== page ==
Last week’s Decoration Day story and the comments it inspired mentioned all the girls getting a new dress. For most ladies on the Cumberland Plateau for many, many years, the best source of fabric for new dresses or any new sewing project for that matter came from feed sacks and flour sacks. I wanted to write an article about this ingenious recycling trend so I did a little research and learned some amazing facts both historical and current.
Historically speaking, cloth sacks were first used in the early 1800’s when the wooden boxes and barrels that had previously been used to move food stuffs became impractical. They were bulky and difficult to carry and they did a poor job of keeping out pests. However, making sacks that were strong enough to carry these products wasn’t practical until the lock stitch was invented in the mid 1800’s.
Initially, sacks were made of heavy canvas with labels printed right onto the fabric. Even these bags were re-used by industrious families. We still have examples of quilts made of these plain white bags. Fertilize continued to be packaged in the plain white bags. But the best was yet to come.
Sack manufacturers eventually realized that they could market to the women of the family by weaving beautiful prints, stripes, plaids and even solids. Soon feed sacks and flour sacks had a market all their own. How many of you have heard some man in your family tell of having to re-stack feed in order to find the particular print his mother or sister was looking for? My Daddy remembers having to do this for his sister’s Decoration Day dress at least once.
A coarse cotton weave replaced the initial canvas sacks and it was used for everything from bedding to dresses, curtains to dish towels. A lady’s dress would require 3 matching or coordinating sacks while a single feed sack could make a child’s dress. There was no shame in wearing these clothes for the fabric was used by everyone. And all the homes of the day reflected the use of these sacks throughout. Your neighbors assumed you were sleeping on feed sacks, scratchy though they might be. In fact, flour sacks were sized and woven especially for pillow cases. They were perfectly sized and some were even woven with an attractive border on the end.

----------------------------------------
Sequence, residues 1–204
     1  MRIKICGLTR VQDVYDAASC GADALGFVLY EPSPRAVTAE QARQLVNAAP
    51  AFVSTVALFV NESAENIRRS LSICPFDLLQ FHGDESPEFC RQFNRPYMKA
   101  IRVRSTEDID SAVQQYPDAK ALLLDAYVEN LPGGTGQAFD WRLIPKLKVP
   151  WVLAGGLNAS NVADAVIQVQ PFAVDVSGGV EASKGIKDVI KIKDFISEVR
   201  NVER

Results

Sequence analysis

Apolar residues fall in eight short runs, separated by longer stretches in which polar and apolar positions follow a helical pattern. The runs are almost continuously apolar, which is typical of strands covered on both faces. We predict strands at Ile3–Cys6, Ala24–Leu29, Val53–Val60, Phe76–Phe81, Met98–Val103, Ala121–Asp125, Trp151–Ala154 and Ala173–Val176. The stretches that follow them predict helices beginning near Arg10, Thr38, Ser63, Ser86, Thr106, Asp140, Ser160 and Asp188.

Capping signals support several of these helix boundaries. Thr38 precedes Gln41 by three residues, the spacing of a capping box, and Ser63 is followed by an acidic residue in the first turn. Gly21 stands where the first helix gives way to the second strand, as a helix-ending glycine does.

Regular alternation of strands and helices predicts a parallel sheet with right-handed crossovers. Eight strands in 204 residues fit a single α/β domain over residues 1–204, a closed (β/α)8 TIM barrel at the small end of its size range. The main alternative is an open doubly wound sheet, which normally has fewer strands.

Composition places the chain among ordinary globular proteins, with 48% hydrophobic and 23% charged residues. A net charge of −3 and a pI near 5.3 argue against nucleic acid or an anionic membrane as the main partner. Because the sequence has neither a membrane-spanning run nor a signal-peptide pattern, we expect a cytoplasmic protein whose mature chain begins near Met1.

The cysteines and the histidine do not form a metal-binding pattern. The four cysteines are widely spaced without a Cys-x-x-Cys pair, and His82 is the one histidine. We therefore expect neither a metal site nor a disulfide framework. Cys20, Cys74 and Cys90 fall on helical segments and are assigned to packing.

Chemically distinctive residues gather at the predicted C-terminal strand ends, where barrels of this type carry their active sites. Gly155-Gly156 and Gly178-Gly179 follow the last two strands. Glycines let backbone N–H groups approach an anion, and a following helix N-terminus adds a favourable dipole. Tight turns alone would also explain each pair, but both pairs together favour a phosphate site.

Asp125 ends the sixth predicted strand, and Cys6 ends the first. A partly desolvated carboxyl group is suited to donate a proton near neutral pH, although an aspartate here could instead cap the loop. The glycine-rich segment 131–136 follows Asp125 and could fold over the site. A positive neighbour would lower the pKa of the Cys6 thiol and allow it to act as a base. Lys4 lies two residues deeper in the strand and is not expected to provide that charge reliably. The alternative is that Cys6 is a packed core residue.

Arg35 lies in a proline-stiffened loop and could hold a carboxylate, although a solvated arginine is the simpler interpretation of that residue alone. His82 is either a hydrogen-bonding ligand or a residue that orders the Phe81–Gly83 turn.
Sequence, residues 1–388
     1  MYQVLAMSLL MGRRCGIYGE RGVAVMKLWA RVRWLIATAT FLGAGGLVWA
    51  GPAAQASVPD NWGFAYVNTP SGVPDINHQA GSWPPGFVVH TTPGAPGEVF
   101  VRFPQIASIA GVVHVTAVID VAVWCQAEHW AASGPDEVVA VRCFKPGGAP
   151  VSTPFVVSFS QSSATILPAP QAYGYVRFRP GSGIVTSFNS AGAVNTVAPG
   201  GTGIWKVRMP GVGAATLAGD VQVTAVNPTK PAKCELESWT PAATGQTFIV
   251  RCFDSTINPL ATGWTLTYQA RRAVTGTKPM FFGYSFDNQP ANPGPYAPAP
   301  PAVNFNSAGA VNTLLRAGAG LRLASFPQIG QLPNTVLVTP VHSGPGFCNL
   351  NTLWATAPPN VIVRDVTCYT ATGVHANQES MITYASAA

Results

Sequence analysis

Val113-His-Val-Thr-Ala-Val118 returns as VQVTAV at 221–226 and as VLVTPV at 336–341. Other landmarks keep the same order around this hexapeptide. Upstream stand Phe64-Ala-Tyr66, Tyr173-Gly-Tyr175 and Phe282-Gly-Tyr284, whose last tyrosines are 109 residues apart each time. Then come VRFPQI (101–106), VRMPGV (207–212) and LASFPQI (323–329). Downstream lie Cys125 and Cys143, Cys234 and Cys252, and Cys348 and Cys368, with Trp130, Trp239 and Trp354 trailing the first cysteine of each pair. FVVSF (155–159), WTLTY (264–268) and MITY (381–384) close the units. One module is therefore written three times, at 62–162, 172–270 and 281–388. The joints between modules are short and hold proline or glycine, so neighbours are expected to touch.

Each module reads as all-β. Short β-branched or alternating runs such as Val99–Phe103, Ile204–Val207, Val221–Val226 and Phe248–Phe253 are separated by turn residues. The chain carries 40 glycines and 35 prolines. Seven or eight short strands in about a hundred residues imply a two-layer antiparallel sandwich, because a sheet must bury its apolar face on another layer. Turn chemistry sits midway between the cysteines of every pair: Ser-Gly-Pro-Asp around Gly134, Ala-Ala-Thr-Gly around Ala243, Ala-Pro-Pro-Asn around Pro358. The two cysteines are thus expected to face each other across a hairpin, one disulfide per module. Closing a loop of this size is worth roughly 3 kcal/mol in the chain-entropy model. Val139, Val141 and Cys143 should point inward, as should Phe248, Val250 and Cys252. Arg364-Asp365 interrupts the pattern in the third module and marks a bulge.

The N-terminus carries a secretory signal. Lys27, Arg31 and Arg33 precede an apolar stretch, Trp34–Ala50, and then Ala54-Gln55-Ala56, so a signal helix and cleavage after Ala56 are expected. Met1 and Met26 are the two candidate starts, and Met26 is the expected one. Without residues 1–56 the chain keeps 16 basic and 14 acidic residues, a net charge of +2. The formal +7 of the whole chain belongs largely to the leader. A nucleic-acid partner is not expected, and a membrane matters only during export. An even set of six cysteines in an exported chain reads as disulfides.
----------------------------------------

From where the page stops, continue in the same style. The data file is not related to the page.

The people of the Plateau have long been accustomed to making do with what they have. A land that did not easily accommodate growing cotton and no great grazing ground for sheep probably meant even the earliest Plateau settlers struggled for textiles. But we are survivors and we will find a way. Bringing home a sack made of some usable material was a godsend. Even had no one else in the nation thought these were worthwhile, I’m sure we would have treasured them.
If you read this, or hear your grandmother’s stories with disdain, take a tour around the internet. Vintage fabrics (especially feed sack fabrics) are quite the collector’s items now. And if you’ve got a feed sack quilt hidden somewhere in your closet you may have more of a treasure than you realize. Hey, if you have such a quilt, please snap a photo and send it along to me. You can post it through Facebook – the link is on the right-hand side of the blog.